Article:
Sîn-tabni-uṣur, governor of UrNo. 38649Sîn-tabni-uṣur's third year in his office.
Kissikians?No. 39649Reference to Sîn-šarra-uṣur.
Citizens of Ur?No. 40652-648Allusion to the revolt of Šamaš-šumu-ukin.
Sîn-tabni-uṣur, governor of UrNo. 41649Reference to Sîn-šarra-uṣur submitting to Assurbanipal.
KissikiansNo. 42649Reference to Sîn-šarra-uṣur submitting to Assurbanipal.
SealandersNo. 43650-II-5Dated.
Bel-ibni, general of the SealandNos. 44-48650-648Bel-ibni being appointed as the general of the Sealand in 650 bce, see no. 43.
PNN and SealandersNo. 49652-648Allusion to the revolt of Šamaš-šumu-ukin.
GambuliansNo. 50Before 664Reference to Bel-iqiša, the leader of the Gambulians, who revolted against Assyria and died in 664.
GambuliansNo. 51653Possibly related to the campaign against the Gambulu in 653.
RašiansNo. 53647Reference to Tammaritu (II), who participated in the first campaign against Ummanaldasu III.
Ambappi and RašiansNo. 55647References to Ummanaldasu and Tammaritu pointing to the first campaign against Ummanaldasu III.
Ambappi?No. 56647?Allusion to the first campaign against Ummanaldasu III because of the references to Elam, Bit-Imbî, Ummanaldasu (III), the wife of Teumman, and his sons.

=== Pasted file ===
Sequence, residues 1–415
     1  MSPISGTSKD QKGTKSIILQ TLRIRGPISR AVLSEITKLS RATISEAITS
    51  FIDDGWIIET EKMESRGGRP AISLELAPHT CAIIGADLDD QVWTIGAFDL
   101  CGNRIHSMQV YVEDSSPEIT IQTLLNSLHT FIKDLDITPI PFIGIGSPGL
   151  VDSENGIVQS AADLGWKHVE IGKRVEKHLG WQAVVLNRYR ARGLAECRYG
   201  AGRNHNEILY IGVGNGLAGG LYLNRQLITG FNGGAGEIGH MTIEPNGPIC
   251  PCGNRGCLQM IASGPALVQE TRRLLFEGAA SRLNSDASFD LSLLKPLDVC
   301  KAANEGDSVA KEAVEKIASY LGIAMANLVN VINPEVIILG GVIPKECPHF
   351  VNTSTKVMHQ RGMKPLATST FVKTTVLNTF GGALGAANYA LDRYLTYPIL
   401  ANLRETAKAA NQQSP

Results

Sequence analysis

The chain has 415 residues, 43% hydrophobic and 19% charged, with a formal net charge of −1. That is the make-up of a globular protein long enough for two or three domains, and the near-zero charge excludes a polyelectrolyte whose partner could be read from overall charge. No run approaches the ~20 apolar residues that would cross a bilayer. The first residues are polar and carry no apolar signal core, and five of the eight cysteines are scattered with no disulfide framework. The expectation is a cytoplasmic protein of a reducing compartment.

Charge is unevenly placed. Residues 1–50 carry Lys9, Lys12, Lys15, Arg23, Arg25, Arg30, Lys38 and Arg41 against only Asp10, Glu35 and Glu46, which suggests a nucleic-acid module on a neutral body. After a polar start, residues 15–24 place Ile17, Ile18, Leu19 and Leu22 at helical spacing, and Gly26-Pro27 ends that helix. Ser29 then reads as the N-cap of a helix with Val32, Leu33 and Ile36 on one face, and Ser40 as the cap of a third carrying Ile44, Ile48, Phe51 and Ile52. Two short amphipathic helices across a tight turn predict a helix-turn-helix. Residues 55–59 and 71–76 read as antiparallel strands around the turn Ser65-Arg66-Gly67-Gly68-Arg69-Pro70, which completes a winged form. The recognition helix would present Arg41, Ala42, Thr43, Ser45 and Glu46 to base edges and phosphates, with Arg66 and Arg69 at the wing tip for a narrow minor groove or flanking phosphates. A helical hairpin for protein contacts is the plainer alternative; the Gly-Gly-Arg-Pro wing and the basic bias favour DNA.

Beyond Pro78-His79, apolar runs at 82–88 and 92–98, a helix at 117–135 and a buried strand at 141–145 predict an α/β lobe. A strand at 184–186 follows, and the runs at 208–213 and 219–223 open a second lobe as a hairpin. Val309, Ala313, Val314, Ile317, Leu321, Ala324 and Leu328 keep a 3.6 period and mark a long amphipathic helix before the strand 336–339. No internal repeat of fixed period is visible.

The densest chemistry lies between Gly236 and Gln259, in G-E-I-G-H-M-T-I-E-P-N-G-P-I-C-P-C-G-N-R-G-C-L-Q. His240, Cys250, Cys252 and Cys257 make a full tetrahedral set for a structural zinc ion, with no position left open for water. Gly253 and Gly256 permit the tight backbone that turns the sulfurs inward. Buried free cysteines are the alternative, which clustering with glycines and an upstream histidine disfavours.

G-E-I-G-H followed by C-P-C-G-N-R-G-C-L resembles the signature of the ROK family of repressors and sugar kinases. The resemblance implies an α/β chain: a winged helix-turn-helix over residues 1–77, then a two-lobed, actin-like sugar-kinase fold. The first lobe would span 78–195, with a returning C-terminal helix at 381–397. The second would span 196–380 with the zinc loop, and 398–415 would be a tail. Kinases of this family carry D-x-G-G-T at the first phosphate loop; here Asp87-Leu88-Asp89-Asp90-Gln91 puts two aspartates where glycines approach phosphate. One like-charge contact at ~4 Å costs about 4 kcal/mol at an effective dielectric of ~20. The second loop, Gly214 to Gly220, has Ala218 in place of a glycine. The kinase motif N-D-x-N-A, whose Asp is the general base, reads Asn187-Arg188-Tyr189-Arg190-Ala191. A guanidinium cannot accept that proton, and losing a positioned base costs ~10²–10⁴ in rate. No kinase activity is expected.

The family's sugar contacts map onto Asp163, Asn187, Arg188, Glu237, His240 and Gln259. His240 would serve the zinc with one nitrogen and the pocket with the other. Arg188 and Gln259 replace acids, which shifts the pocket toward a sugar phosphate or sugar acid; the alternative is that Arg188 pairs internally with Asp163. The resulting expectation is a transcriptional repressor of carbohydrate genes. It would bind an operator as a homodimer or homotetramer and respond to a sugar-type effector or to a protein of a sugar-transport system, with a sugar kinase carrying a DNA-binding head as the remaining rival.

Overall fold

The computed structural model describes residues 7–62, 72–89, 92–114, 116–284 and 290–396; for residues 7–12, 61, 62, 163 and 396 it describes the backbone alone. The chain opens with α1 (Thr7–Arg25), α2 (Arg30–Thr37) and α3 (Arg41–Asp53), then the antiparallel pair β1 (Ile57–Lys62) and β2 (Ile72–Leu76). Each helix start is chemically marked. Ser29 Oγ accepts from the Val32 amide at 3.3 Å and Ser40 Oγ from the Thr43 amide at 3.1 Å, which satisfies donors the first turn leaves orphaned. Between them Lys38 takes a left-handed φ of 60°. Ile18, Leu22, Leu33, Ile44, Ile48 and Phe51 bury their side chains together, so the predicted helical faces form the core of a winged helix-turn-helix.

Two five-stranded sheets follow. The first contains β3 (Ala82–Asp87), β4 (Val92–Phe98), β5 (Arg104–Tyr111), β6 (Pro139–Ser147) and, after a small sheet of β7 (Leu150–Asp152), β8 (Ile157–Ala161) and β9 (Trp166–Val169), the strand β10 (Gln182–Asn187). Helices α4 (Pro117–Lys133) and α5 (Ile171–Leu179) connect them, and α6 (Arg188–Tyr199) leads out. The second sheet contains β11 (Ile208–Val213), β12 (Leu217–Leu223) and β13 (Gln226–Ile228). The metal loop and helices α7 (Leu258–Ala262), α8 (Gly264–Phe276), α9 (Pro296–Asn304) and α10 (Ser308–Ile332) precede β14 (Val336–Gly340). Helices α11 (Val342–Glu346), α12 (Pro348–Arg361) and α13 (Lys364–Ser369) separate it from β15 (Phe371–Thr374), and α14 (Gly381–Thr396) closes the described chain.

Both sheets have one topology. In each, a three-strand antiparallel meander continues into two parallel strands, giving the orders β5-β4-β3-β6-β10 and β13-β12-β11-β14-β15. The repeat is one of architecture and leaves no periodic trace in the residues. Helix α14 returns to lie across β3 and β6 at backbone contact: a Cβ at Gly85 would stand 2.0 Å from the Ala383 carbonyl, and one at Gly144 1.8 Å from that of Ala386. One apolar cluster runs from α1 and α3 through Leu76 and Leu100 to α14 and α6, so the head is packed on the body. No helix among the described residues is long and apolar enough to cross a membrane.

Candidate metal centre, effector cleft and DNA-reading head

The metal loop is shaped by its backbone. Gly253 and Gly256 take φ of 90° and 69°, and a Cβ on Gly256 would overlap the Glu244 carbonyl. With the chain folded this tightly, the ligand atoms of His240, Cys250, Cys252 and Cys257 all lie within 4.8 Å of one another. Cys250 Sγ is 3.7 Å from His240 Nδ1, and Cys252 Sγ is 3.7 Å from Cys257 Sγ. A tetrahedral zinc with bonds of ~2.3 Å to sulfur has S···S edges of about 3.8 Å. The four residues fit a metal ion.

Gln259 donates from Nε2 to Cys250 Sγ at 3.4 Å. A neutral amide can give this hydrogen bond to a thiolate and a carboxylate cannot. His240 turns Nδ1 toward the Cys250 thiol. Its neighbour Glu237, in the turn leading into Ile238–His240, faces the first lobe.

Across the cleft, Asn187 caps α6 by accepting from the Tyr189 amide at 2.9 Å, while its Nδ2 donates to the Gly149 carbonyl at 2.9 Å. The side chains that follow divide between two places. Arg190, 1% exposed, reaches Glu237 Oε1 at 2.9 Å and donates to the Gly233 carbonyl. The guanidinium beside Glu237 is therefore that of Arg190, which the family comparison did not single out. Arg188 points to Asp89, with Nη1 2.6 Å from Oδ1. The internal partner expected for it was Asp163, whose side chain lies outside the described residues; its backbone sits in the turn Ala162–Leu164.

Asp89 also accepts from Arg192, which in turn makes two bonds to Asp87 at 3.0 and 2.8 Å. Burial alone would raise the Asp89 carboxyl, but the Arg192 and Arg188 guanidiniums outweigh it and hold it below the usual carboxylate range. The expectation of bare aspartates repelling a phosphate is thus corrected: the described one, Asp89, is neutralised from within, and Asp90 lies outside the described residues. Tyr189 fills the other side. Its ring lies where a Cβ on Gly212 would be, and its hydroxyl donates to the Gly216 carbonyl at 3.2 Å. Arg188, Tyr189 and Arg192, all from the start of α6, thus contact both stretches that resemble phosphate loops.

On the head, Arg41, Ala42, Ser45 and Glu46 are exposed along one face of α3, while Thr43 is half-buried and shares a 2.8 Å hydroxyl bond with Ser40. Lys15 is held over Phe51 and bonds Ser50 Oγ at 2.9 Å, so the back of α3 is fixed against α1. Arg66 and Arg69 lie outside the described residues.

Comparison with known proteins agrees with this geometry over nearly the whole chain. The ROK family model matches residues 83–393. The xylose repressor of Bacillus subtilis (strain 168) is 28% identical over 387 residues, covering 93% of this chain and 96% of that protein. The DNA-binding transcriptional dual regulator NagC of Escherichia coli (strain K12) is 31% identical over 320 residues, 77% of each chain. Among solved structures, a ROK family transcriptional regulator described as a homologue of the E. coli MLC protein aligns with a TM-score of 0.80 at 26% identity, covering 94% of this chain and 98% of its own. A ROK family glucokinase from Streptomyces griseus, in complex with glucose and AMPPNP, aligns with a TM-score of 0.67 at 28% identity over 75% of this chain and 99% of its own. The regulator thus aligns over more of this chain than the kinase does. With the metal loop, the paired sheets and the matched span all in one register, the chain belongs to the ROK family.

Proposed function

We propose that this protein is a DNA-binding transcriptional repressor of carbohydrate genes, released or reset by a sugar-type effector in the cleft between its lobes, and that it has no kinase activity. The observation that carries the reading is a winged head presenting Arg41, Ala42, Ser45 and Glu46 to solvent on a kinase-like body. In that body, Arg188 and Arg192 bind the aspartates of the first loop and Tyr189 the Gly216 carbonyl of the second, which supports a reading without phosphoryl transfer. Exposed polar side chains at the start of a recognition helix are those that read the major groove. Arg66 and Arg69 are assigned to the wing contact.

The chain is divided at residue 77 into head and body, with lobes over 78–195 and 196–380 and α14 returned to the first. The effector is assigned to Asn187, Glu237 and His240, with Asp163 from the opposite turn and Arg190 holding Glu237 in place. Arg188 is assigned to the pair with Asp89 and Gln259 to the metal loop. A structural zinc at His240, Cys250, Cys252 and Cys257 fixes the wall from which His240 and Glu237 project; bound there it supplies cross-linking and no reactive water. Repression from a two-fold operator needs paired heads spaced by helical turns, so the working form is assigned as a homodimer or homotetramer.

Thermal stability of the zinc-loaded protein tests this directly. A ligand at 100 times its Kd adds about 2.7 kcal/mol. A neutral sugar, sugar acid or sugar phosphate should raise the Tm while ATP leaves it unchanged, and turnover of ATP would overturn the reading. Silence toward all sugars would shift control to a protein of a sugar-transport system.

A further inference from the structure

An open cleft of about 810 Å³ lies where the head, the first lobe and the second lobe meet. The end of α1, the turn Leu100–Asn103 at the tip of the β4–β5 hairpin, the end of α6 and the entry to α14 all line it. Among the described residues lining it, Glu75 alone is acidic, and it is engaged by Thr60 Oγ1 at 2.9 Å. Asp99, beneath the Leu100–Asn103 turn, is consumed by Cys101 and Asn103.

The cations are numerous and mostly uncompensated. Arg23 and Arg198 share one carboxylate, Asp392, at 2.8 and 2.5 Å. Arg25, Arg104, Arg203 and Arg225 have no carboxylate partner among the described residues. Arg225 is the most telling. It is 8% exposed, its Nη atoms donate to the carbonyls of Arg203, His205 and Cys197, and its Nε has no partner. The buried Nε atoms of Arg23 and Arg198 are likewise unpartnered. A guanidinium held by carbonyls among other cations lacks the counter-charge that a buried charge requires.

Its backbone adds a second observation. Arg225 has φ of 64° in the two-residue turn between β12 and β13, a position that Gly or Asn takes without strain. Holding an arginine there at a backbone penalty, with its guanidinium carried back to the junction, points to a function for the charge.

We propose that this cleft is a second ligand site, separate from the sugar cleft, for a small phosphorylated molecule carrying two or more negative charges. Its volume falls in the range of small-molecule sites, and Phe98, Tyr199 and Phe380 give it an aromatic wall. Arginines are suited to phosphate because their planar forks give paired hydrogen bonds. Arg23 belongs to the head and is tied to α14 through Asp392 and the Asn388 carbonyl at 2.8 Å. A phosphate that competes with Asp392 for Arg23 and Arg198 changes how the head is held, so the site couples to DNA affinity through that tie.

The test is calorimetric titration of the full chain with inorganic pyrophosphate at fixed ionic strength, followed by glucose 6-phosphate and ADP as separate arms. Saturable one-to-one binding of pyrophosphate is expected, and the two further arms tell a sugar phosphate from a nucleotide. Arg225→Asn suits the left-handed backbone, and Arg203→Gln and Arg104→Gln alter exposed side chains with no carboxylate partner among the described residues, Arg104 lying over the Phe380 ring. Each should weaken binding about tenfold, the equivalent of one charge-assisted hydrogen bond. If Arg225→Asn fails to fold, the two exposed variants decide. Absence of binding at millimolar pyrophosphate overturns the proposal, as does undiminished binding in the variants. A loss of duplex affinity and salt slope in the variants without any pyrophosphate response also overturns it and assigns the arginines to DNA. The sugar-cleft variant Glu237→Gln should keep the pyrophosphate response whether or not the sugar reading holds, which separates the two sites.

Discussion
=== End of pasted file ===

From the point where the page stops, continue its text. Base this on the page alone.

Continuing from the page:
NN of Raši?No. 57646*-XII-27Dated.
Menanu, elder of ElamNo. 58c. 652References to Ummanigaš II as a traitor, Tammaritu, and Šamaš-šumu-ukin as a rebel. Menanu's severance of communication with the king for 19 months.
Tammaritu (I), king of ElamNo. 59652The letter could be "the first message" from Assurbanipal to Tammaritu (II).
Indabibi, king of ElamNo. 60649-[III?-3?]Dated.
UmmanšibarNo. 61648*-IV-25Dated.
Tammaritu (II), the previous king of ElamNo. 63[647]-VI-16Dated. The name of the eponym is not preserved but the contents allude to the first campaign against Ummanaldasu III.
Tammaritu (II), the previous king of ElamNo. 64647A reference to a massacre in Bit-Bunakka by the Assyrian troops that took place during the first campaign against Ummanaldasu III.
Elders of ElamNo. 65647*-XIDated.
Ummanaldasu (III), king of ElamNo. 66647The king requests the delivery of Nabû-bel-šumati or Nabû-qati-ṣabat. Cf. ABL 792 + 1286.
Elders of Elam?No. 67652-647An allusion to the revolt of Šamaš-šumu-ukin or the first campaign against Ummanaldasu III.
NNNo. 68648?A reference to Indabibi.
Elders of Elam?No. 72648-647An allusion to the end of the revolt of Šamaš-šumu-ukin or the first campaign against Ummanaldasu III.
Hundaru, king of DilmunNo. 75647-VI-13Dated.
City lords of BašimuNo. 76646Possibly related to the conquest and destruction of Bašimu during the second campaign against Ummanaldasu III.
Bel-ēṭirNo. 77648?Possibly related to the end of the revolt of Šamaš-šumu-ukin.
Nabû-šar-ahhešu?No. 80652-VII-3Dated.
NNNo. 82646*Dated. Only the name of the eponym is preserved.
NNNo. 83648-V or laterPossibly after the siege of Babylon.
NNNo. 85647-646Possibly related to the first and second campaigns against Ummanaldasu III.

Table Ib. Dated and datable letters to the king

Sender(s) Letter Date Grounds or Reference for Dating